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Hundreds in Jail at Russia’s Biggest Protest Since 2012

Anti-government demonstrations took place in Moscow and other major Russian cities on Sunday in protest against official corruption within the government under the leadership of Vladimir Putin. Police reportedly detained more than 700 protesters in Moscow alone, including the leader of the opposition: Alexei Navalny; who was held overnight and pending arraignment. As of right now, there is no estimate of the exact turnout, but this is suspected to be the largest anti-government protest since 2012 when reportedly thousands spoke out against the Kremlin over alleged voter fraud. An independent Russian radio station estimated a total of 60,000 participated in 82 protests across Russia; and the number of detentions in Moscow, as well as the number of riot police, were the highest seen since 2012.

In 2012, Russia had a parliamentary election that opposition leaders declared fraudulent, and Vladimir Putin accused Hillary Clinton, who was secretary of state at that time, of inciting the protests. No comment on these protests has been issued by the White House at this time.

Alexei Navalny, the leader of the opposition, is campaigning for the presidency in next year’s election despite doubts about his eligibility and called the protests after releasing a film which displayed lavish vineyards, yachts, and mansions worth more than $1 billion, allegedly belonging to Prime Minister Dmitry Medvedev, the government has denied those charges. Navalny emerged in 2012 as an anti-corruption whistleblower, he has also been the target of fraud and embezzlement which he claims is politically motivated. In 2013, he was convicted of siphoning money off a lumber sale; the European Court of Human Rights declared this case “prejudicial” saying Navalny was denied right to a fair trial. In November of 2016, Russia’s Supreme Court declared a retrial, Navalny was convicted and handed a five-year suspended sentence in February. By Russian law, his prevents him from running for president.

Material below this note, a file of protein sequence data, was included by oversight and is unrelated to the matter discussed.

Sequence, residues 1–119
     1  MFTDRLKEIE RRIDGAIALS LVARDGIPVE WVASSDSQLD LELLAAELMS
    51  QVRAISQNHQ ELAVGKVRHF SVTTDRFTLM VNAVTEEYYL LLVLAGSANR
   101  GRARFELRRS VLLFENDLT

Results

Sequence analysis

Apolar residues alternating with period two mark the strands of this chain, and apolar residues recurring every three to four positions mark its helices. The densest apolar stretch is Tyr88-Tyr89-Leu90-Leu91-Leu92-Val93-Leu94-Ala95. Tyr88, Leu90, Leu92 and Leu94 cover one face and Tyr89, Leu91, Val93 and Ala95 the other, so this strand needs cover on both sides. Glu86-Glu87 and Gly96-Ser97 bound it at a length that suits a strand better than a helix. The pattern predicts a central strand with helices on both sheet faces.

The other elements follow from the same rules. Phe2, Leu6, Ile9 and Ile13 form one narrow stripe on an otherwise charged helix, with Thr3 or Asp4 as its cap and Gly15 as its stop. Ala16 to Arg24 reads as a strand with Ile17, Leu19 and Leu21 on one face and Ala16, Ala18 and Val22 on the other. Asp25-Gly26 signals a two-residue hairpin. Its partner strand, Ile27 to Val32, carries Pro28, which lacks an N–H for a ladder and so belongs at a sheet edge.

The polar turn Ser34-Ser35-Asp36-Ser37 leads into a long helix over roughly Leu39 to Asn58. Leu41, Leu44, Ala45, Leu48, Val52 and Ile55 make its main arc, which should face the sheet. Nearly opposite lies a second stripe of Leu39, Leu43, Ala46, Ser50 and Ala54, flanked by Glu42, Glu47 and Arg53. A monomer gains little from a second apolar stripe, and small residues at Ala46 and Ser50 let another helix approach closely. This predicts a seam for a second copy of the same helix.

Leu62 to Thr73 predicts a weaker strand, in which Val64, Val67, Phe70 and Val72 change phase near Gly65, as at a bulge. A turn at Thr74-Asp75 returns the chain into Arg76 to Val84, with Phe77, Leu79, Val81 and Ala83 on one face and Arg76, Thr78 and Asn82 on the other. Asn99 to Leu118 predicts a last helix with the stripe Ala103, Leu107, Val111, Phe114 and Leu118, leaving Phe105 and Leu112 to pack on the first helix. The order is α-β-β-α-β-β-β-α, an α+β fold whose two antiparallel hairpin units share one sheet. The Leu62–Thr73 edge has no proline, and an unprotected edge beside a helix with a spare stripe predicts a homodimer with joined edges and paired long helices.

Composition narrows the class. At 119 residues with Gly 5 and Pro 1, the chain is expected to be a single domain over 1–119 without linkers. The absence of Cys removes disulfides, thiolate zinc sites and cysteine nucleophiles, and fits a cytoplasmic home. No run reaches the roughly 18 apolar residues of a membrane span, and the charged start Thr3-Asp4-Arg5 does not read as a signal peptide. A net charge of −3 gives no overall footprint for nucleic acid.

Russian media reported detentions in Vladivostok, Siberia, and cities in central Russia where organizers of the protest reported a turnout in the low thousands. A turnout of over 10,000 was reported in St. Petersburg with the number of detentions landing just over 100. Video footage from security cameras in Moscow displayed thousands gathering in central locations of the city with scattered signs and anti-government chants. Authorities had previously refused permits for the protest, and organizers called on participants to turn out and walk.

Russian police indicated the turnout in Moscow at about 8,000, but photos from the scene, as well as media coverage, proved the numbers appear much larger. They responded to the demonstrations with huge numbers of riot police, equipped with barricades and tear gas.

Navalny organized a live internet broadcast of the demonstrations through his Anti-Corruption Fund and was raided by riot police on air. The staff is was detained on suspicion of extremism, according to a fund spokesperson. Alec Luhn, an American reporter for the Guardian was also detained.

The Russian media played a big part in the publicity of this demonstration, providing sporadic coverage; a senior lawmaker, Frants Klintsevich, from the United Russia party appeared sympathetic to the participants’ concerns, “these demonstrations probably raise a lot of justified criticisms and concerns.”

The authorities were counting on fear of arrest to keep people away from these types of demonstrations. On Friday, senior Russian police official Alexander Gorovoi warned that police would “bear no responsibility for any possible negative consequences” and Putin’s spokesman said that telling people to come to rallies was “illegal.”

 

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Hi! My name is Skylar, I am eighteen years old and plan to attend college for a Journalism major and political science minor.

Hi! My name is Skylar, I am eighteen years old and plan to attend college for a Journalism major and political science minor.

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